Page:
Michael graduated from high school in 1966 and university was not that important to him so he attended a junior college to study theatre. “By 1967 I was a total hippy – but never a Deadhead. That summer I rented a car with some friends and we went to the Monterrey Pop Festival – the one where Jimi Hendrix burnt his guitar. It was an amazing experience and I went back to L.A. for a few days before setting off on a road trip in a Volkswagen Beetle with a buddy and some high grade marijuana. We went all over the country, covering about 13,000 miles.”
By early 1968, with the Vietnam War raging, Michael was failing a class badly and lost his student deferment so he filed for Conscientious Objector (C.O.) status – he was completely against the war in Vietnam. This was turned down and so when he arrived to be sworn in to the army, he refused. “My parents did not support me on this, in fact my mother eventually basically came apart. My father was very angry and his rage gradually broke my willpower and spirit and so when the next draft notice arrived six weeks later, in June 1968, I signed up for the army infantry. I went to boot camp and advanced infantry training at Ford Ord. There were lots of guys like me there – hippy musician types. It was very demoralizing – we knew where we would be going. After catching pneumonia in November 1968 I had a week’s leave before reporting to Oakland, California from where we flew to Vietnam and immediately went into the boonies north of the city of Hue. It was about forty miles south of the DMZ and a place where I was shot at and watched friends die… We went on patrols, did some reconnaissance, had a few firefights, and I feared for my life many times – every day. It was not that bad compared to other’s experiences though.”
“One day, I fell while climbing down a steep hill and severely gashed my leg. It became badly infected overnight and I could not walk so they took me out on a supply helicopter and I had five weeks in medical care. That was fine – I was bedridden but under my own supervision at the company barracks. I remember reading letters from friends and a girlfriend and reading ‘The Last Temptation of Christ’ by Nikos Kazantzakis. Then one day I found a guitar, a cheap French copy from the time of their occupation of Vietnam many years earlier. The Chaplain, a very good guy, saw me playing and sat and listened to my story and objections to the war. He was very sympathetic. Just two days later I returned to duty, I was ordered to report to him. He wanted to help me in some way and so I traveled with him for the next few months, playing guitar for the wounded soldiers he visited in hospitals!”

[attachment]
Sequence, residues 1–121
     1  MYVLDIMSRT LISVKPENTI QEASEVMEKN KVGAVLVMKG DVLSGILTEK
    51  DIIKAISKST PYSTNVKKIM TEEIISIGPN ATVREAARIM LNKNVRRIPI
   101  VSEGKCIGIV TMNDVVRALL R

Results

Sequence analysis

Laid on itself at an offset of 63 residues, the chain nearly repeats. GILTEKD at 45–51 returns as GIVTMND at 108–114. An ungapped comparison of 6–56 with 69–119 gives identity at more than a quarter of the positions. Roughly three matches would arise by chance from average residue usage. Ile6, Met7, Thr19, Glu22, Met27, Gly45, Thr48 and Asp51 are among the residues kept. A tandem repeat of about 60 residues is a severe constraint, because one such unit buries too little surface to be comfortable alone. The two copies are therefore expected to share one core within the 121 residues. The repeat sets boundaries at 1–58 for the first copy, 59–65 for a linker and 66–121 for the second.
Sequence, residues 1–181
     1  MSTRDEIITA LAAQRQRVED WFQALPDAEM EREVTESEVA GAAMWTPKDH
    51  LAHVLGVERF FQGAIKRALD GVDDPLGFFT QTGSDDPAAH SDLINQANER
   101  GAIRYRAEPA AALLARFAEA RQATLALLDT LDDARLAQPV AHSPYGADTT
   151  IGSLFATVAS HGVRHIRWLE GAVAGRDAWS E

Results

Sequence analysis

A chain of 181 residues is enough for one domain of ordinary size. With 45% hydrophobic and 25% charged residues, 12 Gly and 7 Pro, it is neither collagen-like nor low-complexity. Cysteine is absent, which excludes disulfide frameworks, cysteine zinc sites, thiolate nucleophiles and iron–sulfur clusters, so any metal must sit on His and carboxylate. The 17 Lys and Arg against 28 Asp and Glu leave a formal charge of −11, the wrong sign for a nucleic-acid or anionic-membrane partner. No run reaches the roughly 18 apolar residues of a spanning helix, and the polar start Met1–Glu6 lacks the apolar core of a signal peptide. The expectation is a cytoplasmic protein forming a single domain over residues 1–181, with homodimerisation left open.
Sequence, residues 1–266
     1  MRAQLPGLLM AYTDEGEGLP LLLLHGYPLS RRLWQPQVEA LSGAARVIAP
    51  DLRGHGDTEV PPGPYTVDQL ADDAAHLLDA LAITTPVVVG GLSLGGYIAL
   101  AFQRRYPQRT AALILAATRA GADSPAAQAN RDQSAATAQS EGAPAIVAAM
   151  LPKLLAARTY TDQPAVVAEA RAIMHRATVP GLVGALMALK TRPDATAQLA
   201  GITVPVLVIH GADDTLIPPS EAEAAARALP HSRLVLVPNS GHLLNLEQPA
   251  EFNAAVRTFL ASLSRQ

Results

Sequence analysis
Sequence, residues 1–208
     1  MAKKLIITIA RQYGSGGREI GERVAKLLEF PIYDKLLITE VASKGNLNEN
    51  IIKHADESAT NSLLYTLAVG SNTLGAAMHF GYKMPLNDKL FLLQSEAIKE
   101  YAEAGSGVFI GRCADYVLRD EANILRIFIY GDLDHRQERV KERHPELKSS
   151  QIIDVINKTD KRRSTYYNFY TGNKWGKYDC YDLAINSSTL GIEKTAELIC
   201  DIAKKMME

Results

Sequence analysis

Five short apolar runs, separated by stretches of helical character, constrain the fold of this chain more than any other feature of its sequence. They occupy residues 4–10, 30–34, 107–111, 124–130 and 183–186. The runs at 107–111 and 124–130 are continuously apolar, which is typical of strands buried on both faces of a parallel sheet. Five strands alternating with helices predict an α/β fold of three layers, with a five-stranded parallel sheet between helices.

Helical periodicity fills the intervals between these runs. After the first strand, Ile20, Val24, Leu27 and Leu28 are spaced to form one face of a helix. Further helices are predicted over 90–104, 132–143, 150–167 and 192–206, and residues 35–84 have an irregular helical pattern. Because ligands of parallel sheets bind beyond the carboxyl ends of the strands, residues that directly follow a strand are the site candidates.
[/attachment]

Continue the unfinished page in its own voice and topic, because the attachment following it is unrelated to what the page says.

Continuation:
Once the Chaplain left however, Michael briefly worked as a clerk in the motor pool before he had to return to his company that were now faced with the battle for Hamburger Hill – a stalemate that was witnessing terrible losses. “I refused to go and was told I’d either end up in Leavenworth Prison for a year and still have to go back and complete my service or perhaps just be shot – this was a combat zone and I was refusing to fight. I filed for C.O. status again but knew I would be going to jail or would have to fight and probably die. I sat on a helipad waiting for orders either way. I was in a daze. Suddenly a company clerk came running towards me, waving some papers. I had been given new orders, a reprieve – I was to work for three months in the PX – the store, a place rife with corruption and black marketing. It was unbelievable what went on there. I was able to send all kinds of things home to my family and friends – stereos, cameras, even a Rolex watch to my Dad, I learnt all the corrupt ways of doing things. It was amazing. Shocking, I guess. My mother asked me how I could afford all those things on my pay. It was weird. I realized later that I’d had my own Catch-22 situation – it was bizarre, funny, yet tragic.”
In November 1969 Michael was discharged from the army, a little early because he had been accepted into college, and he attended a J.C. for a semester. Then a friend, who was a film editor, offered him a job as a ‘gopher’ on the documentary of a tour by Joe Cocker – ‘Mad Dogs and Englishmen’, which was released in 1971. Over time Michael worked as assistant editor, assistant sound editor, and music editor on various other projects in and around Los Angeles, while also continuing his enjoyment of repertory theater and music. “I guess I was in the ‘fast lane’ there for about four years or so. There were some crazy times and I could have burnt out like so many did but in 1973 I decided to get away from it all. I had been attending craft fairs doing music and theater, and had made many contacts there. Back at high school I had tried to build a guitar and was interested in doing more of that. I was offered a job making instruments with some friends from the fairs who lived in Santa Cruz in northern California and jumped at the chance. Besides, there was a good music scene there, unlike the burnout scene in L.A. where it was hard to avoid all the temptations – that Peruvian marching powder could be very enjoyable but it was no longer for me.”